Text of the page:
Maybe you’ve heard it before: “Security is a myth.” It’s become a common refrain after a never-ending string of high-profile security breaches. If Fortune 500 companies with million dollar security budgets can’t lock things down, how can you?
And there’s truth to this: perfect security is a myth. No matter what you do, no matter how careful you are, you will never be 100 percent safe from hackers, malware, and cybercrime. That’s the reality we all live in, and it’s important to keep this in mind, if only so that we can all feel more sympathy for victims.
But remember: perfect is the enemy of good. Perfect security is a myth, but that doesn’t mean resolving to lock down your tech is pointless. You’ll never be completely safe, but that’s no reason to stop caring about security all together.
Locking Your Front Door Is Pointless
The lock on your front door is useless. A decent locksmith can get in easily, with a pick or with a drill. If that doesn’t work, someone could just throw a cinderblock through your window. If a burglar wants to get into your house, they will.
Is that depressing? Yes. Does it mean you shouldn’t bother to lock your door? Absolutely not.
Locking your door won’t stop everyone from getting into your house, but it does make it just a little harder to get in. This keeps teenagers out if nothing else, and means that professionals need to deal with your door while neighbors are potentially watching. Locking your door doesn’t totally prevent theft, but that doesn’t mean it does nothing.
Cyber security is the same way. Using the same password for every site is the online equivalent of leaving your door unlocked, because a breach on one site reveals your password for every other one. It’s why every tech blog you read keeps talking about password managers like LastPass.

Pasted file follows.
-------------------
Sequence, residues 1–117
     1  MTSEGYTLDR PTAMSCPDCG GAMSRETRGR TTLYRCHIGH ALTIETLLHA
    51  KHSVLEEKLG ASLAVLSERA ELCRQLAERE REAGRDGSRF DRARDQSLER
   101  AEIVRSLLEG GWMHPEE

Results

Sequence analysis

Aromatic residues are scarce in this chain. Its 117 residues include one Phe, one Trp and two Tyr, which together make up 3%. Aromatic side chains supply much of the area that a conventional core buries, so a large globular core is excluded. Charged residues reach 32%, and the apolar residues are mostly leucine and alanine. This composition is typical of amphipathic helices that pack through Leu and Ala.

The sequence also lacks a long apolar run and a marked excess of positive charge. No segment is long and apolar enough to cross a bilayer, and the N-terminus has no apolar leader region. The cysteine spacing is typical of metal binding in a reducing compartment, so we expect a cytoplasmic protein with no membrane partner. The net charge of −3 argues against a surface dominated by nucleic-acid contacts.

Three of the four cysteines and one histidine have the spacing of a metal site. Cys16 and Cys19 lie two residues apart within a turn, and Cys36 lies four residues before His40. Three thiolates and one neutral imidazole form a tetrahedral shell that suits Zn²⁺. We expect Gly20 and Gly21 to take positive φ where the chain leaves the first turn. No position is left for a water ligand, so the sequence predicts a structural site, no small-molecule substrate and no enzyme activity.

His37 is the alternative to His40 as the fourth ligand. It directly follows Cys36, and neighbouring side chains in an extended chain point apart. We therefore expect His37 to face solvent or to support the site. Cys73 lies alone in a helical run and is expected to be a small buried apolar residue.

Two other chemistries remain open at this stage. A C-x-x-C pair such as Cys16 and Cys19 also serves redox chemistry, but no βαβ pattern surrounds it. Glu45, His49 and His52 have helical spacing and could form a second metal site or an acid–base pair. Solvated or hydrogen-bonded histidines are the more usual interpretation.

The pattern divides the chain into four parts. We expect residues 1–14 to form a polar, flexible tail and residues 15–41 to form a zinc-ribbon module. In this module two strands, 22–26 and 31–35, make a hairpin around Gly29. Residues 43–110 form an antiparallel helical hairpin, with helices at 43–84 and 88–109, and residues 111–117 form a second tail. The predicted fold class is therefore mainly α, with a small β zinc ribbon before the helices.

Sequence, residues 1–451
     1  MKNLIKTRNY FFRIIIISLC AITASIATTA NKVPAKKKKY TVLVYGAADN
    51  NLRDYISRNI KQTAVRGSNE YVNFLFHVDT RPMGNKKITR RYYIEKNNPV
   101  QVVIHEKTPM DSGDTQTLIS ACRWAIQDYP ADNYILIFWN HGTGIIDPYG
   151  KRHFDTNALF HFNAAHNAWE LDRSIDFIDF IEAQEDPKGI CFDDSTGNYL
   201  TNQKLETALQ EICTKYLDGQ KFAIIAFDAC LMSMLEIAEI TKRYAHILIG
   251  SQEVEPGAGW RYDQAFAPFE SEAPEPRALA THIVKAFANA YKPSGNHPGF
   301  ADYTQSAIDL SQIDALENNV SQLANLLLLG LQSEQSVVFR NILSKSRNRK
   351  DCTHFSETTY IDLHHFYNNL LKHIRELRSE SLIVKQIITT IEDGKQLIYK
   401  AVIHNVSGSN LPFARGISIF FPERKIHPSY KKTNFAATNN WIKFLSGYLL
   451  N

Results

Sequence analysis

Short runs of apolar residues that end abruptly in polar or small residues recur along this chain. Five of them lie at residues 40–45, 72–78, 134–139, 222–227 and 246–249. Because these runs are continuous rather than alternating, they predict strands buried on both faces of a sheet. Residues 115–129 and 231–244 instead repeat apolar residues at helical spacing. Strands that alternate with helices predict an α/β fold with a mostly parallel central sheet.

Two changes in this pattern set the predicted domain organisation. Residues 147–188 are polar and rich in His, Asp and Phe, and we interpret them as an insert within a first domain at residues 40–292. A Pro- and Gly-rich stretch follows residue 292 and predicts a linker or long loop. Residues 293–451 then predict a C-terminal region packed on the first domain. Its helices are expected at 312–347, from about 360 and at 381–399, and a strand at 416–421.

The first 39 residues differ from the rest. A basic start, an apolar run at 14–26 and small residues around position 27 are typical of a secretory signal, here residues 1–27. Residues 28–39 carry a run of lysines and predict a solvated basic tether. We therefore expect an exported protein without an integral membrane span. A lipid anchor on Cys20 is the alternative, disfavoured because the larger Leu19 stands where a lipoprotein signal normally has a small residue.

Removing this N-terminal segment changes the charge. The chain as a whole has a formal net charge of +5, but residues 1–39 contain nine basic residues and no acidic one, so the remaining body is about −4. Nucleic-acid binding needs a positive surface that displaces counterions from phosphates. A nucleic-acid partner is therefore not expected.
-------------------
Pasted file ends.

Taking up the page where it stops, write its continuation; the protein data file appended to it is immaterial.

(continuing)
Every security tip is like this. Things like two factor authentication aren’t perfect, but they’re far, far better than passwords alone. Every software update will probably still have bugs and potential exploits, but that’s no reason to avoid patching the ones that are documented now.
In other words: yes, someone might smash your window. Lock your door anyway.
Think About Your Threat Level
I’ll admit something awful here: I re-use passwords from time to time. Am I stupid? Possibly, but mostly there are just some sites I don’t care about. If someone wants to access my Super Burger Place Rewards account, they can go for it, but they won’t find a credit card or any personal information attached when they get in. Enjoy being four tenths of the way to a free burger, I guess?
What I absolutely lock down are my email, social, and banking accounts, along with any online services that store my credit card information. I know I could potentially lose a lot of money, and I know that personal information about me could become public. I’d rather avoid that if I could, so those accounts all have different usernames, passwords, and two factor authentication enabled.
I know this isn’t foolproof. I know that, if someone with enough experience really wants to get in, they probably could. But if a site has information worth protecting I try to protect it, because doing something is better than doing nothing.
It’s All About Balance
Personal security isn’t about doing everything you can to prevent hacking, because doing absolutely everything is a full time job. Personal security is about finding a balance between possible threats and things you can do to alleviate them. Your username and password will probably be revealed during a breach, so you shouldn’t use the same one everywhere. Your computer can be stolen pretty easily, so you should encrypt the hard drive—because almost everything on there is sensitive, and it’s shockingly easy to get past a login password. Think through potential threats, then find ways to alleviate them.
Only you can work out what’s best for your needs, but I implore you not to throw up your hands and give up completely. Perfect security may not be possible, but that doesn’t mean you shouldn’t even try.
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